Student: “Teacher, why are you so fat?”
Teacher: “Why do you say I am fat?”
Student: “Because you look fat.”
Teacher: “What is fat?”

Sometimes asking students questions helps them to interpret and think about what they are saying. It’s also a good way to transition their question into a lesson. I like to use a bubble map to brainstorm ideas about a topic we are discussing. In this case, I would write the word “Fat” in the center bubble, and ask students what they think fat is to them. There are no right or wrong answers in this activity. This is just to get some ideas.

Then, you can tie it into a lesson about describing people, discuss adjectives, draw or show pictures of people who look different; there are many ways to turn the question, “Why are you so fat?” into a lesson. You can do a conversation practice where students describe each other.

Tip 1: When you are discussing the word, “fat,” make sure you let students know the cultural differences in using this word. For example, in American culture it is considered insulting or impolite to call someone “fat.” This is a good cultural awareness discussion, because students need to be aware that not all people take kindly to that word.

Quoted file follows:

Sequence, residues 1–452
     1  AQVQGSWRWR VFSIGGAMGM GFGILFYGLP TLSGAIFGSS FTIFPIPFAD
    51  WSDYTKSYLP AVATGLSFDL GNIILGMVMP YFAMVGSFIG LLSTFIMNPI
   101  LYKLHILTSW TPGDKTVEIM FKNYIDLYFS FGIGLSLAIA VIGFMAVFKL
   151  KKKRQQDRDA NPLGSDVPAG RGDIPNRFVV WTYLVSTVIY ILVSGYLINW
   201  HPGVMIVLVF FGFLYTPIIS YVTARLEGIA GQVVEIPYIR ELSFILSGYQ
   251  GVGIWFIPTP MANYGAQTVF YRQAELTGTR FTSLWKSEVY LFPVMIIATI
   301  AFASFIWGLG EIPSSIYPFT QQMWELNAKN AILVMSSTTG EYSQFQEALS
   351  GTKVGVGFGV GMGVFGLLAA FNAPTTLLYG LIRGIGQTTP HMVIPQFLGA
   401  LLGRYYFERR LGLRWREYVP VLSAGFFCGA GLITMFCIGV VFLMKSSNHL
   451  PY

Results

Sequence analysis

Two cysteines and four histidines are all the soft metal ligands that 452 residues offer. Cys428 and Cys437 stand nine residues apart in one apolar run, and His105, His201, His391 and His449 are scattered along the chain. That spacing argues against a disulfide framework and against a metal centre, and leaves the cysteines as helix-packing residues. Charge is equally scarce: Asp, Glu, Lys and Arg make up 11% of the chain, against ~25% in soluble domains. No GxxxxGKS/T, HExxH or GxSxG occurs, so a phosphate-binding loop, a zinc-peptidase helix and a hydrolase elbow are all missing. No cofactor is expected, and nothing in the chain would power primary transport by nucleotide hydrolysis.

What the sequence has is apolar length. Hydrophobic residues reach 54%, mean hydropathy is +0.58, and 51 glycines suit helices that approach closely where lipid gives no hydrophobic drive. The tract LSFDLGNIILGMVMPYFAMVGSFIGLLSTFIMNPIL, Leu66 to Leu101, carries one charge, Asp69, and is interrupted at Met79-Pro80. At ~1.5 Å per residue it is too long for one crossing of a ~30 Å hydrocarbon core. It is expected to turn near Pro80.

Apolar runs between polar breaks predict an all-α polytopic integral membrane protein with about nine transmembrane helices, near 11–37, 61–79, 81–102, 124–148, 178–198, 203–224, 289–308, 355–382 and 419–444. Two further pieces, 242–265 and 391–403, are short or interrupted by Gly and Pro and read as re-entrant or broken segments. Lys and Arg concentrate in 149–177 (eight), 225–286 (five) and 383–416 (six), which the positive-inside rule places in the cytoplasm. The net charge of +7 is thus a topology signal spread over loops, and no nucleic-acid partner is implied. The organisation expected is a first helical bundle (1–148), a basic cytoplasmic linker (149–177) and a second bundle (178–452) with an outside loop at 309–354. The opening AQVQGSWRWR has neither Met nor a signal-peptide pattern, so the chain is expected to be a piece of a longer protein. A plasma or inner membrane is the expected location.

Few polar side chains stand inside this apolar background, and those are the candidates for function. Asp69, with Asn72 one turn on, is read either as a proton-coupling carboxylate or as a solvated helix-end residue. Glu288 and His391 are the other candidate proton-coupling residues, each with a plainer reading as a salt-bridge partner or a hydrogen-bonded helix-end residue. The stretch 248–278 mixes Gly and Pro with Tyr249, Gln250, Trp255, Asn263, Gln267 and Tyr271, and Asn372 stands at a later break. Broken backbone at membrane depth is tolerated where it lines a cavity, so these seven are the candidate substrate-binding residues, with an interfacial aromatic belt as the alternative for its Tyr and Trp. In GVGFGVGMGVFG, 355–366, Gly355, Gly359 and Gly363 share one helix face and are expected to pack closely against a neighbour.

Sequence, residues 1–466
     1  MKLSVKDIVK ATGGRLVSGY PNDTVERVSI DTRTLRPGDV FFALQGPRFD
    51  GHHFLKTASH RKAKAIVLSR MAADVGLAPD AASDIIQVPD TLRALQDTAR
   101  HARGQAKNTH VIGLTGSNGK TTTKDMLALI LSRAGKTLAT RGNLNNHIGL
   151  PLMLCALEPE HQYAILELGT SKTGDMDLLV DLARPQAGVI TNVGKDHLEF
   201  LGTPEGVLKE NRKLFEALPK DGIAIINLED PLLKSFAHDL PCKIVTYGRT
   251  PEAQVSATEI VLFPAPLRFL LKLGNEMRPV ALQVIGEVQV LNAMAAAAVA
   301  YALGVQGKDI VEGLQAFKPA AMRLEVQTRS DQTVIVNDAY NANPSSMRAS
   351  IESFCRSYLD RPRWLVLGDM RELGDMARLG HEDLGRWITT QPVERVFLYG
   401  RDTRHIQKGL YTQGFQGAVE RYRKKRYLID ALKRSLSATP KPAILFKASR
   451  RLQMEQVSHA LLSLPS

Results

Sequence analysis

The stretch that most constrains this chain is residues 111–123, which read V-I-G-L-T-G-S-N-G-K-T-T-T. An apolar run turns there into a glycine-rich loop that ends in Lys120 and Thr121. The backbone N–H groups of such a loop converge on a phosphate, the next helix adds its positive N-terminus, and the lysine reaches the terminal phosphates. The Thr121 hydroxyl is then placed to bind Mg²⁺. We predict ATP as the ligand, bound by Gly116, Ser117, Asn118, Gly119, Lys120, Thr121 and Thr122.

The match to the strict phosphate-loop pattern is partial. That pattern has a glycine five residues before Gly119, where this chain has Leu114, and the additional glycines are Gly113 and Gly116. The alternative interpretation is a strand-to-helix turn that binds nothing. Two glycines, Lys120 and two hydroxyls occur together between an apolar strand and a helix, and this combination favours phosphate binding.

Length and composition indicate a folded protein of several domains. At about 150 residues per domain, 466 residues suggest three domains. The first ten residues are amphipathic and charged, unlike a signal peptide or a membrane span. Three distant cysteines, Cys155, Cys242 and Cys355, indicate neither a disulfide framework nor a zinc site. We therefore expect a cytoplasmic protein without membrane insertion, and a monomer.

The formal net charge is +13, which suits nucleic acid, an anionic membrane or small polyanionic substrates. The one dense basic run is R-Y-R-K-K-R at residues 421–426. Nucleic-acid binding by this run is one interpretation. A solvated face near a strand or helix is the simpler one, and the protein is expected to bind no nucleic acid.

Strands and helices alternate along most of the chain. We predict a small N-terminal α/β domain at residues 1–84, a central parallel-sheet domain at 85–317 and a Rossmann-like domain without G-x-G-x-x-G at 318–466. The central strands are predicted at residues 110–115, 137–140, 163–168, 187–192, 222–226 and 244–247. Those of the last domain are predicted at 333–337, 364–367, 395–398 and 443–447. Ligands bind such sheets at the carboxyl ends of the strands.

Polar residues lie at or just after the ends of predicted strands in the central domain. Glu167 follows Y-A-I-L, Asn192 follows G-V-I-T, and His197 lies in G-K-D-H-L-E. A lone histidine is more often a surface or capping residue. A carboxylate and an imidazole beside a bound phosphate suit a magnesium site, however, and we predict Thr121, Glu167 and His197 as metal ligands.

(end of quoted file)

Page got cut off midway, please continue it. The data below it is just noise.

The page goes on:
Tip 2: Make sure you give examples of the different adjectives or ways we describe people who are considered “fat.”

Some adjectives are, but not limited to:
Plus size
Heavy set
Curvy
Big boned (not commonly used)
Full-figured (more commonly used for women)
Chubby

If you are NOT comfortable talking about the word, “fat,” you don’t have to turn it into a lesson. If you feel uncomfortable being asked about your weight (it could be any weight class: fat, skinny, etc.), you can simply tell your student you don’t feel comfortable answering their question.

Tip 3:DO NOT PERSONALIZE
Try not to take uncomfortable questions personal. Sometimes students are just curious and are not trying to be rude. However, if you sense that a student is being rude or impolite in their line of questioning, let them know. Never get into any arguments with your students. Always maintain your professionalism.

Remember, you are in charge of your classroom. Use good judgment when answering uncomfortable questions. Always be honest and if you don’t feel comfortable, let your students know that. They will respect you for it.


For more tips and advice, check out my latest video from my ESL video series here.